SPOILER WARNING: I try not to reveal specifics of Hob’s Barrow in this piece, but to get at what’s special about this game, I’ve had to talk about certain elements of the design that you might not want to know going in.
My favourite moment in The Excavation of Hob’s Barrow came about three hours after I’d finished it. But we’ll get to that in a bit.
From the off, it’s hard not to root for Thomasina Bateman. In an age of steam trains and parasols, she has come to a small village in the north of England to dig up an ancient burial site, regardless of all the obstacles the local patriarchy – and the soggy English weather – can place in her way.
And it’s hard not to root for The Excavation of Hob’s Barrow itself. Here’s a compact yet carefully made point-and-click horror delivered in the classic adventure game style. The interface and inventory are pleasantly streamlined – there’s a button to show all points of interest, and you can even warp to exits with a double-click – but the stately pace of a classic adventure game is adhered to with great reverence.
The less you know about the story going in, the better. Just be aware that there is a barrow that Thomasina wants to dig up, but her first tasks involve getting the local folk to admit that this barrow even exists. And she has to convince some of them to even acknowledge her for starters. How do you go about this stuff? Classic adventure game business, obviously: talking to everyone until there’s nothing left to ask them, picking up anything that isn’t stuck to the floor and keeping an eye on promising locked doors.
The animation is lovely, switching between elegant, beautifully animated sprites as you move around the world, and jarring, rather terrifying close-ups as you watch cut-scenes. In harmony with this, secondary characters walk a fine line between appearing human and inhabiting all the horror fiction and small town stereotypes you might desire.
The puzzles, particularly in the game’s first two thirds, manage to be pleasant work which keeps you thinking but never creates annoying roadblocks. You’re always working out what you want, while keeping an eye on what other people want to – so that you can create synergies where these wants overlap.
More than puzzling, though, it’s just a pleasure to be in such an atmospheric world. The landscapes are by Constable and the dialogue is brisk and characterful. There are times early on, as Thomasina encounters local idiots who want to put her in her place as a woman, and other local idiots who want to engage her in discussions examining the conflict between folklore and rationality, where the whole thing threatens to become a kind of playable Essex Serpent, that other carefully Gothic story built of displacement and superstition. The railway’s just come to the area – is it the end of everything holy? This is all wonderfully done.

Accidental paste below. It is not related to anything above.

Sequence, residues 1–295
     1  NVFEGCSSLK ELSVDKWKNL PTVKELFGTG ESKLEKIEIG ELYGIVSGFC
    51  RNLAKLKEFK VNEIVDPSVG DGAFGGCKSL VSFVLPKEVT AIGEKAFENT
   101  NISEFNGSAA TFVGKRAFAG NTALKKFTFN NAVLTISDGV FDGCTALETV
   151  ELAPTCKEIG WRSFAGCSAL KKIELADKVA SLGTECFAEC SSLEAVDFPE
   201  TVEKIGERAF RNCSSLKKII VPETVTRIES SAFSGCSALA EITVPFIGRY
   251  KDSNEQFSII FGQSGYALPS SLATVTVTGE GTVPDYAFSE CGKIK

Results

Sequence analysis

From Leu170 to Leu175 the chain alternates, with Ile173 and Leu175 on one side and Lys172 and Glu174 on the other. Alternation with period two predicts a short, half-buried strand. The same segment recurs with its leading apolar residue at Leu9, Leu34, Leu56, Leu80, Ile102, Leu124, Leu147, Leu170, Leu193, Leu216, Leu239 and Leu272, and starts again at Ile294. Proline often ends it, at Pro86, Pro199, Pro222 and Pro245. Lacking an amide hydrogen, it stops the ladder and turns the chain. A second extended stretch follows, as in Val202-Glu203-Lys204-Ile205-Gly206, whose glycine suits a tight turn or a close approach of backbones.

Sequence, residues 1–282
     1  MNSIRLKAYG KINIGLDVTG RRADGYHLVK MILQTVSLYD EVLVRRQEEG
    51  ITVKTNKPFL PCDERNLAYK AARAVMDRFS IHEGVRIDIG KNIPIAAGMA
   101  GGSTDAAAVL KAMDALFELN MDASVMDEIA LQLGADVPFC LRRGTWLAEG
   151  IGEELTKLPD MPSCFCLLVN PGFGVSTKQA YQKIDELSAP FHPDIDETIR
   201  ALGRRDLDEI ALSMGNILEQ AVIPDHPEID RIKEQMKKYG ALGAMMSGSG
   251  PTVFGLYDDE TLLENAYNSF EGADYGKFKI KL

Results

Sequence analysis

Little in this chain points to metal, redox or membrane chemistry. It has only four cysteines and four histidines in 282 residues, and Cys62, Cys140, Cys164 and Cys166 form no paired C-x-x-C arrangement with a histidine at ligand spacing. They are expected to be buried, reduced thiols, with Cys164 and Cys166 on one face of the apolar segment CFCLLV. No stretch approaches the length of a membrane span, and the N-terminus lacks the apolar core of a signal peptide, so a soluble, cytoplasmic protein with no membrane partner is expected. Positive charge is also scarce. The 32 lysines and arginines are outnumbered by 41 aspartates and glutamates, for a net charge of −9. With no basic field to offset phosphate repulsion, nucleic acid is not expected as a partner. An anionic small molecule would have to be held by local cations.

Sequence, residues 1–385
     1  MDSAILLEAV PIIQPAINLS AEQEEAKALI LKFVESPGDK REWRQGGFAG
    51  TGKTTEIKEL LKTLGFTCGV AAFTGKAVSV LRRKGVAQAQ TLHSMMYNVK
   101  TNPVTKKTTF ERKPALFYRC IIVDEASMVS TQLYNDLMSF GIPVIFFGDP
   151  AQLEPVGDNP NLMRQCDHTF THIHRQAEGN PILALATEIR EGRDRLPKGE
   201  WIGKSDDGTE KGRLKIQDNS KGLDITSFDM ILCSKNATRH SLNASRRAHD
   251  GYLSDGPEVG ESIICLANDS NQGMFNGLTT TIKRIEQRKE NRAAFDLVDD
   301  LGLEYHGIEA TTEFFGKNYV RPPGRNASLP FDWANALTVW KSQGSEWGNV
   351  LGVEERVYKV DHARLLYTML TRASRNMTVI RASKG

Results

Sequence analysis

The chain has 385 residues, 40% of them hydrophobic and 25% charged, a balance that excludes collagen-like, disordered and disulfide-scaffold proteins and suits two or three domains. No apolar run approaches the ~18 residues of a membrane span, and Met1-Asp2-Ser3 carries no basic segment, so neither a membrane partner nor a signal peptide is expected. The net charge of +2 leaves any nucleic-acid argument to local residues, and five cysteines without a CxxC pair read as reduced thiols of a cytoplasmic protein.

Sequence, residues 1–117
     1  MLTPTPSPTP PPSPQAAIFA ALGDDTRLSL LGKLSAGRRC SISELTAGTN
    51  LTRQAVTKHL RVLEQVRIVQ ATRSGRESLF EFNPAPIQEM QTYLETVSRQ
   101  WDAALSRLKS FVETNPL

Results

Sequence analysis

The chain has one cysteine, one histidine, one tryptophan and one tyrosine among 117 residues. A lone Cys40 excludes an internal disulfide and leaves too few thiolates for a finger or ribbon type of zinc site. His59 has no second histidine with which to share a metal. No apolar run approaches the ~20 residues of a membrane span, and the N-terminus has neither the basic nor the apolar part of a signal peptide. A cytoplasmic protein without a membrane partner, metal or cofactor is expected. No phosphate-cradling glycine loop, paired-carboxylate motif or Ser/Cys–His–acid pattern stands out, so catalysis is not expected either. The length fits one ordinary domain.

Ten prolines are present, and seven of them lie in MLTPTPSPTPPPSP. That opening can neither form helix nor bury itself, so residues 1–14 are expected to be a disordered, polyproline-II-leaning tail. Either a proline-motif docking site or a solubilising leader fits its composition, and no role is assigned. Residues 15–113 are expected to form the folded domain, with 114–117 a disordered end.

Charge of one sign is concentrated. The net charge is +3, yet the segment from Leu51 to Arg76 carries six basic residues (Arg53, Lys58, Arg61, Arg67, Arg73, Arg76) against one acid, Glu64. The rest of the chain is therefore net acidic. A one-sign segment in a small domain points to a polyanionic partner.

The Essex Serpent’s an interesting touchpoint. Sarah Perry’s novel flirts with horror in the service of something deeper, stranger, and ultimately sweeter. At first – and ‘at first’ counts all the way up until the credits rolled and a few hours beyond – I was tempted to say that Hob’s Barrow flirts with flirting with horror, before settling more firmly into safe genre territory. The game moved with grace, and I was gripped until the end, but there were moments where I worried that fealty to the traditions and specific narrative gravity of horror got in the way of a more interesting story that Hob’s Barrow was starting to tell. Horror offers thrills and proper magic, but doesn’t it often come with requirements and restrictions?
Equally, narrative choices made by the developers enforces a change in the kind of puzzles I encountered as things worked towards the climax. I moved from playful set-pieces that encouraged me to think about the people around me and how I might use social engineering to get what I want, to much more mechanical adventure game stuff. Again, it was beautifully handled, and there’s a lovely sense of doomy mystery throughout, but Thomasina’s such a charismatic protagonist I missed the parts of the game that saw her engaged with other people.
To quote another Thomasina: you cannot stir things apart. Or can you? After I finished the game I slumped off to do the dishes, quietly disappointed. I walked through a familiar checklist of disappointed thoughts. The danger, I reminded myself, is of getting annoyed that Hob’s Barrow isn’t quite the game I want it to be. Sure, I thought, I am very happy to put everything else aside and enjoy this characterful slice of dark-hearted English folklore. But even so, I suspected that, towards the end in particular, Hob’s Barrow wasn’t quite the game Hob’s Barrow wanted to be either. It left too many interesting themes aside as it raced to the conclusion. Thomasina’s such a brilliant creation she deserves a game that gives her a bit more agency.
I plucked away at threads like this for four hours that day, until everything clicked. I suddenly felt like I understood something much deeper about what the game was trying to say, and how it used horror elements rather than gave way to them. What a brilliant thing this is – a puzzle in itself, every bit as much as something like Link’s Awakening – but a narrative, thematic puzzle rather than a spatial puzzle in which the map itself is a giant brainteaser.
And here’s the thing: those four hours after finishing the game and turning off the computer, those four hours are where I truly played Hob’s Barrow. Busywork and dialogue aside they’re where I sorted the narrative, untangled the true theme and made sense of what I’d witnessed. Yet more proof, I guess, that for some games, what we call gameplay extends far beyond the screen and the keyboard or controller.
Under those Constable skies and that endless drizzle, then, Hob’s Barrow works a sneaky kind of magic. Dig in.